WHAT IS NANOTECHNOLOGY?
Nanotechnology—often referred to as ""the next industrial revolution"—has the potential to profoundly impact our society. It is the science of creating functional systems at the atomic or molecular scale—an almost inconceivably small dimension that is 100,000 times thinner than the width of a human hair.
The concept of nanotechnology was introduced in 1959 by Dr. Richard Feynman during his famous speech, "There's Plenty of Room at the Bottom." Professor Feynman captured the world's attention when he was the first to envision a process for manipulating individual atoms and molecules.
"Nano" means one-billionth. When materials are observed at the nanometer level (one-billionth of a meter), they often display unique properties. Today, researchers use advanced tools, such as the atomic force microscope, to measure matter at the nanoscale as well as to build entirely new materials, devices, and systems molecule-by-molecule.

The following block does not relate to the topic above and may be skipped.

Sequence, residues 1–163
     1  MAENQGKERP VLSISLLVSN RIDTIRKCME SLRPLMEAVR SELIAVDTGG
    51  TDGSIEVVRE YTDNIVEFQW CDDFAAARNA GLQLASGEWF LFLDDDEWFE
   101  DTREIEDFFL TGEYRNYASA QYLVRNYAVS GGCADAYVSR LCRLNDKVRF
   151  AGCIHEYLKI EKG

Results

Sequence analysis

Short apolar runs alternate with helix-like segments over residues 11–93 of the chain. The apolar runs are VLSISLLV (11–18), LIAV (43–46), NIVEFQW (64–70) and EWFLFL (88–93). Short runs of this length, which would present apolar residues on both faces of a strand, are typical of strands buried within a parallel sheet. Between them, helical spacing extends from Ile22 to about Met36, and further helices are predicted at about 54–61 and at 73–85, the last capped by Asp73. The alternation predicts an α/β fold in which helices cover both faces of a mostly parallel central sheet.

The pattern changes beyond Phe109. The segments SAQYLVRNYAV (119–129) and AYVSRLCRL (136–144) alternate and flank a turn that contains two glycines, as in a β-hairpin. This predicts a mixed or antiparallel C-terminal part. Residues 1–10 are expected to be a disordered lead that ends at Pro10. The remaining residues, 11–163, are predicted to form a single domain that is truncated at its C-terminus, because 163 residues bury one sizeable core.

Nanotechnology's potential for creating novel products is vast, imagine—
- medicine with targeted delivery to a precise location in the body
- fabrics that change color in response to light
- ultra-thin coatings on ships and airplanes that are wear-resistant
These remarkable items, and many more, are quickly becoming a reality. Nanotechnology researchers are creating products to improve quality of life in a wide range of areas, including health care, information technology, agriculture, energy conservation, and environmental sustainability. We are only at the beginning of a surge of scientific advancements in nanotechnology that—over the next few decades—has the potential to revolutionize our society.